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Cornhole! How Philly’s booming beanbag league got its start, and why it’s so popular

Andy Banas was mapping out investments and finances for some of the richest families in the Philadelphia region just a few years ago. But he doesn’t have that cushy job anymore. He’s put all his professional energies into one investment: Corn… hole.

Yes, Banas spends many of his evenings and weekends enjoying beers with his best friends and throwing bean bags into holes. Sound like the life? It kind of is.

Banas and his business partner Chad Puchalski run the Philadelphia Cornhole League, an organized group of people from Philly who want to spend their time playing the picnic and tailgating activity (sport?) on a regular basis. Over the last two years, Banas and Puchalski have reached more than 1,000 players in Philadelphia alone.

“It really started as a hobby for us,” Banas said earlier this week before members of the League gathered at The Piazza in Northern Liberties for their Tuesday night toss. “We met playing in a small league, and we basically just decided that we could do this better.”

So Banas and Puchalski, piggybacking the business off of their screen-printing company Independence Print Co., started the Philadelphia Cornhole League. They came to realize that nearly every major city on the east coast (New York, Boston, D.C.) had an organized cornhole league — Philly didn’t. So the two of them created one, and added different divisions (recreational, intermediate and competitive) so that people really good at aiming bean bags weren’t crushing others with no coordination.

But even more than that, they focused their efforts on building a community, even a group of friends, of people who meet once a week just to catch up, guzzle some drinks and play a sport once considered silly. Within six months after launching their idea into a league, it had become a legitimate business with bar partnerships. Now they have sponsorships from the likes of Fireball and Dos Equis.

The origins of cornhole are hard to trace. Some people say it began in the foothills of Kentucky during the days of the pioneers. Others claim it can be traced back to ancient civilizations when people would cut holes in wood and then throw rocks in them. And some still say that it began in Cincinnati like 15 years ago.

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Anna Orso/Billy Penn

Whatever the case, cornhole has exploded in popularity over the last several years, becoming an immensely popular game, especially at events like tailgates and outdoor get-togethers. When played at the Philadelphia Cornhole League, it works like this:

Members of each league — there are several locations that meet in four different “seasons” throughout the year — show up on their assigned weeknight to their assigned location, whether it’s the Piazza, Xfinity Live!, Urban Saloon in Fairmount, or elsewhere.

Teams of two people go against a second team, and players stand on the opposite side of their partner. Players take turns taking shots by throwing the bean bags at the boards with a hole in it. Points are awarded based on a system of where the bean bag lands (more points for sinking the bag right in, less for sliding it in). Teams play a game, and the first team to 21 points wins. Then they play best two games out of three.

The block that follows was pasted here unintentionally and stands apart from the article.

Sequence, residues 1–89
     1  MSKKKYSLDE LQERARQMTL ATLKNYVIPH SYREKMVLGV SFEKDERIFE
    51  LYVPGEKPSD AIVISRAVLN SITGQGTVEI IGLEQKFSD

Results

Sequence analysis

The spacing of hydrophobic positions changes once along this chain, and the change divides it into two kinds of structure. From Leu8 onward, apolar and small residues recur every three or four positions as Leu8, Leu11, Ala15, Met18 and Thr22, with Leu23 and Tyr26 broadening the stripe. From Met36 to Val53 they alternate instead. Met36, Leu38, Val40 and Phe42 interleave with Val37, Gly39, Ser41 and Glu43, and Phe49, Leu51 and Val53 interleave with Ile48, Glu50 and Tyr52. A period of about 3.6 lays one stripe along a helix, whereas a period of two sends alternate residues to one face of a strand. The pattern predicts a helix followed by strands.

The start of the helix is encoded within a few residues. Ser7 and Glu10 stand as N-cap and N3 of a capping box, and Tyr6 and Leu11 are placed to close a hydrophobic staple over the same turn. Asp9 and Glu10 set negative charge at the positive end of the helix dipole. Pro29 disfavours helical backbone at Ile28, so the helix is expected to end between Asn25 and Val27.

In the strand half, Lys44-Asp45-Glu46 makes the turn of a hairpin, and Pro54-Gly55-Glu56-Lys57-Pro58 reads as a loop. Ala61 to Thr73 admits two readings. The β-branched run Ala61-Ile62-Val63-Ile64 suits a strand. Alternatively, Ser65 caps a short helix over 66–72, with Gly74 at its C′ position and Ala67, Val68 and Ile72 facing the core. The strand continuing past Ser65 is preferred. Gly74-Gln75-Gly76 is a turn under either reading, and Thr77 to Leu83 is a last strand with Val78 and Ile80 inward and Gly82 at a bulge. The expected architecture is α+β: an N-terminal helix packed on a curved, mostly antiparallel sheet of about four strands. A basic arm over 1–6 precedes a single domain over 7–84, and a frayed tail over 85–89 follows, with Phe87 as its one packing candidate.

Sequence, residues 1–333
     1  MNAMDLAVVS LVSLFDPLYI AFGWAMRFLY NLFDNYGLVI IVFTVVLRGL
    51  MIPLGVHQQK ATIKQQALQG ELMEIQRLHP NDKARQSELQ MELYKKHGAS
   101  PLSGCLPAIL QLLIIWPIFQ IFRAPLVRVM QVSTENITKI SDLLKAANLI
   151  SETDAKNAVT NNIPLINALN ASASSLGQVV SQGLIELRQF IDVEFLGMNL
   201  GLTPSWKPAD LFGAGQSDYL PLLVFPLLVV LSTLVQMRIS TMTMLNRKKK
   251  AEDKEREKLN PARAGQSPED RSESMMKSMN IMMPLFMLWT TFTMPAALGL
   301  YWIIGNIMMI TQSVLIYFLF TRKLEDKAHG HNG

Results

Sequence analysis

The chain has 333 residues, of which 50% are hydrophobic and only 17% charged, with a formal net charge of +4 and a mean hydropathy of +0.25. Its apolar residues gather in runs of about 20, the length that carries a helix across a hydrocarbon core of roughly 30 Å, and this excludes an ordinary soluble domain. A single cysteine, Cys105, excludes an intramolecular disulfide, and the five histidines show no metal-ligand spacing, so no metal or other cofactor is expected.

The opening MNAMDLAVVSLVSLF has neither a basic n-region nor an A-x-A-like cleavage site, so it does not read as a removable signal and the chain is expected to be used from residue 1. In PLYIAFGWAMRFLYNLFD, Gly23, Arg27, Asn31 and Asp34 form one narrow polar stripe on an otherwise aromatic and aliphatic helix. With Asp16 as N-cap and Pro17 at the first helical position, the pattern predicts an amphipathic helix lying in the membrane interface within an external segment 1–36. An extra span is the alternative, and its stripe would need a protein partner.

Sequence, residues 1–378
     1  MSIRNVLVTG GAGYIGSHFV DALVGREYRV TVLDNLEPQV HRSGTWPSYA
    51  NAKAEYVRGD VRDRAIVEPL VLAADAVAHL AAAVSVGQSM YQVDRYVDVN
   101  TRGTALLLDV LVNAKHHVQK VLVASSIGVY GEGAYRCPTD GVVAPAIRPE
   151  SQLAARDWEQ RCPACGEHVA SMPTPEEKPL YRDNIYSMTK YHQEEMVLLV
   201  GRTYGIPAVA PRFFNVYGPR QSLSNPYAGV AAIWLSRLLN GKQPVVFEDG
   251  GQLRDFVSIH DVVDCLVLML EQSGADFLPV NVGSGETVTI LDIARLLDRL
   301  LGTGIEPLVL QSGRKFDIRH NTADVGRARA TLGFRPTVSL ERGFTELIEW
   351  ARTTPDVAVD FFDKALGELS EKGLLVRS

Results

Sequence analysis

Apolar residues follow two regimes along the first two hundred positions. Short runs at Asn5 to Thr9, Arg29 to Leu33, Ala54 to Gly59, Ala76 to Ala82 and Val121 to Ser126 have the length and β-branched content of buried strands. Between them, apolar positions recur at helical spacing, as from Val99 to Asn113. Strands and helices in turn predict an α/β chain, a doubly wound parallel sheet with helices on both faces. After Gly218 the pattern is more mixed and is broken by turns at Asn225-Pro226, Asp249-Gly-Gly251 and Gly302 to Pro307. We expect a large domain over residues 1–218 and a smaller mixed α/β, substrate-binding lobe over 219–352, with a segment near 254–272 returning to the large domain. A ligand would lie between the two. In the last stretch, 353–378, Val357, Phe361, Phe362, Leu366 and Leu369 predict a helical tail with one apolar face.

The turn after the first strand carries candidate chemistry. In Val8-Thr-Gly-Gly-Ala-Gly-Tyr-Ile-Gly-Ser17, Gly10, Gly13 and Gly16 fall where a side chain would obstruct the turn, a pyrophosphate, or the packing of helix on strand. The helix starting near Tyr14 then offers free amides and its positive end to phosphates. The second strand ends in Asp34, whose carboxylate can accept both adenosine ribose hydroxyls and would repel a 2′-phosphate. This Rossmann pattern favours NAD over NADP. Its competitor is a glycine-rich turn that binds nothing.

The teams are created in one of two ways: Recreational and intermediate teams are formed however people want. When participants register for a seven-week league (costing $80 a team), they pick their partners. But the competitive league is totally different.

For them, each night there’s a cash prize on the line. And instead of having all-time partners, they’re out for themselves and are with a different partner each night when numbers are drawn from a hat. It’s completely random who they’re paired up with and who they go up against.

Participants help Andy Banas select random partners for the competitive players.

Participants help Andy Banas select random partners for the competitive players.

Anna Orso/Billy Penn

And the people who take part in this — at least in the competitive leagues — actually take it pretty seriously. Bill Atkinson, a 34-year-old who lives in Philly, has been playing in the Philadelphia Cornhole League in almost every season for nearly two years.

“Originally for me, it was just about the competitiveness,” he said. “But the people here are now the ones I hang out with all the time.”

The league’s sudden popularity, which can be several hundred people a season, was somewhat of a surprise to Banas and Puchalski, who say they never figured that the backyard game of cornhole could blow up like it did.

“We were baffled,” Puchalski said. “The sport is still growing. We just had an idea, and it just happened to be that everybody was just starting to take this seriously.

“And it was a little bit of luck.”

How to get involved

Registration for fall leagues is open. Here are what’s available:

  • Tuesday nights starting Sept. 29 at Crabby Cafe in the Piazza in Northern Liberties
  • Wednesday nights starting Sept. 30 at Mad River in Manayunk

The league also has these upcoming tournaments:

To register for an upcoming league or tournament, visit Philadelphia Cornhole League’s website.

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